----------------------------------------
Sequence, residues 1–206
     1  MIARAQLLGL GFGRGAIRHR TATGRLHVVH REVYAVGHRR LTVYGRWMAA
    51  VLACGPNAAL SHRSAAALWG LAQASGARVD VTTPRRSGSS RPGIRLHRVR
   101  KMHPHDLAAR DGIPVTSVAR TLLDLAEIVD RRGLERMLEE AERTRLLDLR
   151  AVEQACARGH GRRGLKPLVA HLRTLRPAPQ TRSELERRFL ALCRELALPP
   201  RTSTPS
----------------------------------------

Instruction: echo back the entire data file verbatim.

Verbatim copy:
Sequence, residues 1–206
     1  MIARAQLLGL GFGRGAIRHR TATGRLHVVH REVYAVGHRR LTVYGRWMAA
    51  VLACGPNAAL SHRSAAALWG LAQASGARVD VTTPRRSGSS RPGIRLHRVR
   101  KMHPHDLAAR DGIPVTSVAR TLLDLAEIVD RRGLERMLEE AERTRLLDLR
   151  AVEQACARGH GRRGLKPLVA HLRTLRPAPQ TRSELERRFL ALCRELALPP
   201  RTSTPS